When they became F1 racing's official tyre supplier in 2011, Pirelli immediately spiced up the on-track action with their less durable compounds. A year later and the Italian manufacturer are back to ruffling feathers. With seven different winners from seven races, Pirelli has come in for criticism. No one can deny that the tyres are responsible for creating a truly unpredictable season. "We know that we've made a bold move by bringing the harder compounds into a much softer range, " Pirelli's motorsport director Paul Hembery stated in a recent interview. Red Bull were the first constructor to have both their drivers win a race each - McLaren are the other - and hold a 31-point lead over the Woking-based team. But the Dietrich Mateschitz-owned team is nowhere close to figuring out the trick of the tyres.

"Formula 1 has always been about aerodynamics, " said Red Bull boss Christian Horner, the man who has in his employment Adrian Newey, the best car designer there is. "But this year that seems to be far less a factor. I'm struggling to explain it and it seems to be all about the black art of managing these tyres. Whoever understands the tyres and broadens the window in which they work will prevail. "

His words have found resonance in the paddock. Mercedes' technical director Bob Bell agrees. "There are clearly things going on with how the tyres need to be used to get the best out of them that I don't think people are on top of, " he said. "The story of the year has been dictated by how you get the best out of the tyres and the tyre choices you make. " This year's Pirellis have a curious combination of being reluctant to switch on - to get up to temperature quickly enough - but then when they do, they are prone to heat degradation after a few laps. Taking care of your tyres isn't a new skill for F1 drivers, it was also the case with last year's tyres. But what's keeping things interesting is the variation in the competitive order as teams seem to be unsure about what will work and what won't.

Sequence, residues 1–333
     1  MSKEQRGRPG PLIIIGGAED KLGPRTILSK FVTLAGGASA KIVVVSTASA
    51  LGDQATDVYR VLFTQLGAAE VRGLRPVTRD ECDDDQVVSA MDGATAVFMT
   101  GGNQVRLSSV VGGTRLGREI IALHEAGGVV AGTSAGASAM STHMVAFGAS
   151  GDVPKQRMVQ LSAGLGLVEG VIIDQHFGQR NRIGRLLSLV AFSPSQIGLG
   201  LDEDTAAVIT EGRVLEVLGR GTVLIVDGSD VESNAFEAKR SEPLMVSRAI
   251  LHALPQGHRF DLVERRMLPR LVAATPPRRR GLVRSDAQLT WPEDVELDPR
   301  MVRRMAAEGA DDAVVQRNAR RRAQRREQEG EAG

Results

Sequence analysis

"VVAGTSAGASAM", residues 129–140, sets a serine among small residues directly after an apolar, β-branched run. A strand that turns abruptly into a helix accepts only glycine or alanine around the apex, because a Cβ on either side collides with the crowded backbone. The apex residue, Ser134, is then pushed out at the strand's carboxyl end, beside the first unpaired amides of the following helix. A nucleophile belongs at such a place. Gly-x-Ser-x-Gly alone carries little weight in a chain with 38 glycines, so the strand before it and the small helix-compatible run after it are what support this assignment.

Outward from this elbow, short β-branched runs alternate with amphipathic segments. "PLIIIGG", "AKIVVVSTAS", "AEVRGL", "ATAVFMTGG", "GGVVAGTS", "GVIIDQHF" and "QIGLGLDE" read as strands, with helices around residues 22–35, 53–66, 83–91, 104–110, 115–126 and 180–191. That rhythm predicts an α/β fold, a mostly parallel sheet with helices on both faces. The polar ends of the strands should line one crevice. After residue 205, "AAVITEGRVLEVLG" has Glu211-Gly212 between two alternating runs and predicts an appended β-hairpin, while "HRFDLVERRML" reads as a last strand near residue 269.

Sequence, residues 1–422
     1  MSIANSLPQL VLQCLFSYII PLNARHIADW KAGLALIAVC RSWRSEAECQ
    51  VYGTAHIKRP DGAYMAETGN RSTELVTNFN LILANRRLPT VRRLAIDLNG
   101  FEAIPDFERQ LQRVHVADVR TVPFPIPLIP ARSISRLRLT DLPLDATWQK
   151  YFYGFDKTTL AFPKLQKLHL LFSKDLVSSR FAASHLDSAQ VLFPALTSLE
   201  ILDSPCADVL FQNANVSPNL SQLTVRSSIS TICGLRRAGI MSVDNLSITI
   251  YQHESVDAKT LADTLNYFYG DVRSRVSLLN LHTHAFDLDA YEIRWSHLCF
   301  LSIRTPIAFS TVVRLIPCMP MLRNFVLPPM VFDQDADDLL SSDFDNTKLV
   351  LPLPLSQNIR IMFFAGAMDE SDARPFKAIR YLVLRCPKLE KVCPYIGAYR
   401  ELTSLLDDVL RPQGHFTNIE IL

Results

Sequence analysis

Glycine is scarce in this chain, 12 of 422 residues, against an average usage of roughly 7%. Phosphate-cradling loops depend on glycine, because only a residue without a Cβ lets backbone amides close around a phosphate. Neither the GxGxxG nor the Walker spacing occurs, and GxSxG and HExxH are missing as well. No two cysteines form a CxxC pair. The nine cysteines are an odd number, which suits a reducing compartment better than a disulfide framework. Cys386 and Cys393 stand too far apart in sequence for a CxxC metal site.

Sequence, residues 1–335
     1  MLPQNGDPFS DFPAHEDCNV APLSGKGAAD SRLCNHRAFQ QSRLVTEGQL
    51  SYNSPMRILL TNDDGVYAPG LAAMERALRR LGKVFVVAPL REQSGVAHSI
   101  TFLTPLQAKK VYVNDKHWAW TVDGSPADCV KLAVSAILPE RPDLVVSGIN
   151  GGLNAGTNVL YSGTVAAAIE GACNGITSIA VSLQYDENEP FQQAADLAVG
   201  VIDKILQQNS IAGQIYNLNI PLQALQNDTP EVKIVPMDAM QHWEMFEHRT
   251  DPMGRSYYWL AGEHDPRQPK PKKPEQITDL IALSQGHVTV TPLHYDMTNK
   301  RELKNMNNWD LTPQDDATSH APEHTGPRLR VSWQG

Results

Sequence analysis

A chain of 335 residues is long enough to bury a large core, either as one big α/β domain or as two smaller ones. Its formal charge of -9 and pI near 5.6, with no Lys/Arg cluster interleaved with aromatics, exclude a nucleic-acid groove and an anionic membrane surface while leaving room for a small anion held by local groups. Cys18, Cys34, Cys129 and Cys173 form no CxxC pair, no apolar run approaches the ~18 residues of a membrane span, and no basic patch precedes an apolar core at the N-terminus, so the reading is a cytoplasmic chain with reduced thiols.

Also earlier, the more you loaded the tyre with downforce, the more the tyre gave you. Pirelli quickly reaches a saturation point - where beyond a certain loading they couldn't translate any extra downforce in the high-speed corners into more grip as the tyre overheated, breaking down the chemical bonding.

So while on one hand you have downforce saturation clumping the speeds of the cars together, narrowing the lap-time difference between a great car and good ones, on the other hand these tyres are slow to warm up but quick to overheat. Alonso, who's currently second at 86 to Hamilton's 88, is perhaps the only exception among the front runners and has struggled considerably less to get his softer tyres warmer quickly and has figured out how to treat them better. Along with Hamilton, he is definitely one of the title favourites. So will the title race come to who takes better care of their tyres?

Hembery says: "The relationship between car and tyres has become more sensitive and it can mean you are penalised heavily if you get it wrong. But in a few weeks you will see that teams know exactly how to get the best performance out of the tyres. "

Wait and watch.